"Even if you're not a swimmer, there are lots of ways to get creative in the pool," says Eapen. "Think about walking in the shallow end or doing light water aerobics. Those activities aren't just good for cardiovascular fitness," he says. "From an orthopedic perspective, the water's buoyancy cushions the body, making it easier on the joints."
3. Spin Your Wheels
A stationary bike is often recommended for heart failure patients, especially those who are overweight, because the pumping leg action works the heart and lungs without putting stress on the back, hips, knees, or ankles. If you're doing well and you're up for it, by all means take your road bike out for a spin, says Yancy. Just keep an eye on the weather: Don't exercise outside if it's hot and humid or very cold, as extreme temperatures can interfere with circulation and make breathing difficult. And be sure to stay hydrated, but be careful not to overdo the fluids.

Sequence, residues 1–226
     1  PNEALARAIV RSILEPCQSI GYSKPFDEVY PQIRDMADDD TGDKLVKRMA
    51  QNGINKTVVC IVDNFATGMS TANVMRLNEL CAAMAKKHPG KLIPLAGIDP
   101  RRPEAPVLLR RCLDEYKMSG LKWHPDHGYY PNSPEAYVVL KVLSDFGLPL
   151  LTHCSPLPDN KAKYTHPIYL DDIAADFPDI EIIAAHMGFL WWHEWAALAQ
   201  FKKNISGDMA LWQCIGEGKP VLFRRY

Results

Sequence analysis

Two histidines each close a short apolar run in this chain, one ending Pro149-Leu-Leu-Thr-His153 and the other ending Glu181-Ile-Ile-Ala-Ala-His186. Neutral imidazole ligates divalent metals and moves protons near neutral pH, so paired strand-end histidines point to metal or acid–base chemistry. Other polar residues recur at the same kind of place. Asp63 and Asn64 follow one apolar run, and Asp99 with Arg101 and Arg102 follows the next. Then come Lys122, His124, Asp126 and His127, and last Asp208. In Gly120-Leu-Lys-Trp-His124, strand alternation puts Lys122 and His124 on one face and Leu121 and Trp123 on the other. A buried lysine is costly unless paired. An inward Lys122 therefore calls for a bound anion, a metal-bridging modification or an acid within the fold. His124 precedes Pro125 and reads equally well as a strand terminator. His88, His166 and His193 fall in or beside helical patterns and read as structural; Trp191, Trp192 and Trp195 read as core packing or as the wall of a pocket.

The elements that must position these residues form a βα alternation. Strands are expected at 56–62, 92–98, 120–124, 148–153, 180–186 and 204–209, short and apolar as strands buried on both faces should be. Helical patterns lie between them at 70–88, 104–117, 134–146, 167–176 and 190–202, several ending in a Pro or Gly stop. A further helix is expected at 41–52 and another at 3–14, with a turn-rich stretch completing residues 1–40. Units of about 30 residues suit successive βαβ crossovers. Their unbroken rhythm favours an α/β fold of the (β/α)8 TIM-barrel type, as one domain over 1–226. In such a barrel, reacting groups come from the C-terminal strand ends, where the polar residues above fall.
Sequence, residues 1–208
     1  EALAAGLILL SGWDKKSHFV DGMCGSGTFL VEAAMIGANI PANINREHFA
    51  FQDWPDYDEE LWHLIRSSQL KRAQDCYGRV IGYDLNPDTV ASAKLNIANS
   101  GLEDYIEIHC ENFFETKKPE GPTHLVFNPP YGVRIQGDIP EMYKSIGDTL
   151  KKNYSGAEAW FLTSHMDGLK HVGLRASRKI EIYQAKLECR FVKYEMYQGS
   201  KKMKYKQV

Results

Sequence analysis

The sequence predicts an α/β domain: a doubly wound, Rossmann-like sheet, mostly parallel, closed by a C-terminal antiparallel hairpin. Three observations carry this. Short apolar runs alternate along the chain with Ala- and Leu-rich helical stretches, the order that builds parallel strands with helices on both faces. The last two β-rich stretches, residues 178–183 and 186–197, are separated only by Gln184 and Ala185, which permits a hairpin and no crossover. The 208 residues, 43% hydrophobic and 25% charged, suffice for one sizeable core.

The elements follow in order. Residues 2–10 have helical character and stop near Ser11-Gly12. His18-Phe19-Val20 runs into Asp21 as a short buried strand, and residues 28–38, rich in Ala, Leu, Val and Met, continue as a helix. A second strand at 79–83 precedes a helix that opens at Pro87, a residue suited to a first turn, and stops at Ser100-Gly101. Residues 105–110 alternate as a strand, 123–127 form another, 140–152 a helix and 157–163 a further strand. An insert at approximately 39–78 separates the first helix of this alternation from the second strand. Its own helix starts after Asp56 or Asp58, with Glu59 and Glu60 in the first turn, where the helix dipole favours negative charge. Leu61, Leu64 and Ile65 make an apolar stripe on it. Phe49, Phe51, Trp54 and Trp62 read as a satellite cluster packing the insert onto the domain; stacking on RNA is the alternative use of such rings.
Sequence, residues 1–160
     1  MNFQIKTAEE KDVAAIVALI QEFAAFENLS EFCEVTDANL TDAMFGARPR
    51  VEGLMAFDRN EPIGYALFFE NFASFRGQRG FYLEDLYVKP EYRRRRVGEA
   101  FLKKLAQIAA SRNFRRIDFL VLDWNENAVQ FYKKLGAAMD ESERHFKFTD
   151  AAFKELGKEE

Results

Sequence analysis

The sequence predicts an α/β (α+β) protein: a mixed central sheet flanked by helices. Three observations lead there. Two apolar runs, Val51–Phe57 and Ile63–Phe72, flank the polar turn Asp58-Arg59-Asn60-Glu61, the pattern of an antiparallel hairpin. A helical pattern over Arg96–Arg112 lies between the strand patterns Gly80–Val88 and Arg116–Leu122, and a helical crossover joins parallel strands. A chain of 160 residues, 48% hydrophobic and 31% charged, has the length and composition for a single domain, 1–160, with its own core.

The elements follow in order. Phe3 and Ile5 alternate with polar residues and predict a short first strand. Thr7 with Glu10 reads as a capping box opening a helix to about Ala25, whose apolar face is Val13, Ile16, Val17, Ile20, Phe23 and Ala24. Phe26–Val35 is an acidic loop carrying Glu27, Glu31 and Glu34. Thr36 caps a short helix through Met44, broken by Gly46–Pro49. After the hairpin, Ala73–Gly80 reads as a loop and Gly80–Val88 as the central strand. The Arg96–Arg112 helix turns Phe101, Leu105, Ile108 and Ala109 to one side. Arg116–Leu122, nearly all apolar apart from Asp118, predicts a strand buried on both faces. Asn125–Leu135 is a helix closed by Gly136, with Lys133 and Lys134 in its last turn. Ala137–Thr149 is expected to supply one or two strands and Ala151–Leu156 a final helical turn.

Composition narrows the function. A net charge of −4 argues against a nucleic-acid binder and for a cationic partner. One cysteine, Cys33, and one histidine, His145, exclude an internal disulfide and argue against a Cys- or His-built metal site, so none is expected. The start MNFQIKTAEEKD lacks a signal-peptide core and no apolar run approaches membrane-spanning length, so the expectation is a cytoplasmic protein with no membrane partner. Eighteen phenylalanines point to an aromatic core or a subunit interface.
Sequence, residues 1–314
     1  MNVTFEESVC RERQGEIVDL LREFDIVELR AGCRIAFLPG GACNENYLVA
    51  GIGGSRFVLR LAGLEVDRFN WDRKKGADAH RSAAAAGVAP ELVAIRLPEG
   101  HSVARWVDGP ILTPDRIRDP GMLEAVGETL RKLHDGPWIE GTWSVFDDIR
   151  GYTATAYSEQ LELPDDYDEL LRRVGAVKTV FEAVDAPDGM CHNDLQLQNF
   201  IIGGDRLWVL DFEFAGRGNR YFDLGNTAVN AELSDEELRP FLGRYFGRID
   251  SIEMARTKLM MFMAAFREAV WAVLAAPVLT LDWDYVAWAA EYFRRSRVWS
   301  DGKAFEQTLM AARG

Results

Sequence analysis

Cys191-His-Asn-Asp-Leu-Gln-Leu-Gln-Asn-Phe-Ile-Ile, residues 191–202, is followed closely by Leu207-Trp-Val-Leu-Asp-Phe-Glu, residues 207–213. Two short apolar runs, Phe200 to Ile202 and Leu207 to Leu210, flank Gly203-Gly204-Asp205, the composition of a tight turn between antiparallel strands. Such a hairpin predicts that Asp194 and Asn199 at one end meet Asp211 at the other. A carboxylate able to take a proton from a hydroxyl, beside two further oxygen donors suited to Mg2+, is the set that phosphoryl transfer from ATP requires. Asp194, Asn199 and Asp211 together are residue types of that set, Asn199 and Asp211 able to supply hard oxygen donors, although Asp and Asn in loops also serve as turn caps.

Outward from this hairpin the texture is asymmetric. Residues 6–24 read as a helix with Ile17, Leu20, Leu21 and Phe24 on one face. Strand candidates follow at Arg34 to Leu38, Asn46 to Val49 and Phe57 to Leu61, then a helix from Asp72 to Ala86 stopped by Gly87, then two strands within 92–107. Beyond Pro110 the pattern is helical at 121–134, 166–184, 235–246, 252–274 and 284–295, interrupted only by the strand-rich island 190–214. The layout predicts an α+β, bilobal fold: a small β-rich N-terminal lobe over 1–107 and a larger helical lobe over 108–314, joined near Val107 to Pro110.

4. Try the Elliptical Trainer
The elliptical machine, a cross-trainer that's half treadmill, half stationary bike, offers a good low-impact aerobic workout, and you can adjust the machine's resistance depending on your fitness level. Most ellipticals have movable upper body handles or poles that let you exercise both your arms and your legs for a full body workout - a good thing for heart patients, according to the
. Bring along some music and your ear buds to help you keep the pace.
5. Tennis, Anyone?
This one may surprise you! If your physician has signed off and you can keep up a steady game, Yancy says that tennis is fine for many patients, who often can do more than they think they can. In fact, a small study published in June 2013 in the
Journal of Sports Science & Medicine
on low-risk patients who'd had heart attacks found that a program of modified tennis resulted in physiological "changes [that reduced] cardiovascular risk." The researchers proposed developing new cardiac rehab programs based on certain sports as an alternative to the usual choices (stationary bicycles, treadmills, and the like). Their thinking was that if we can make exercise more fun, then more patients will stick to a program.
6. Get Your Hands Dirty Gardening
Who knew that raking, weeding, and nurturing your garden qualifies as moderate-intensity physical activity? Well, it does. Besides raking and weeding, digging, mulching, hoeing, sowing, harvesting, watering, and transplanting all measure up. Just watch the heat, says Eapen. "In the right climate, and under the right circumstances, gardening is a great example of an aerobic activity that patients can enjoy."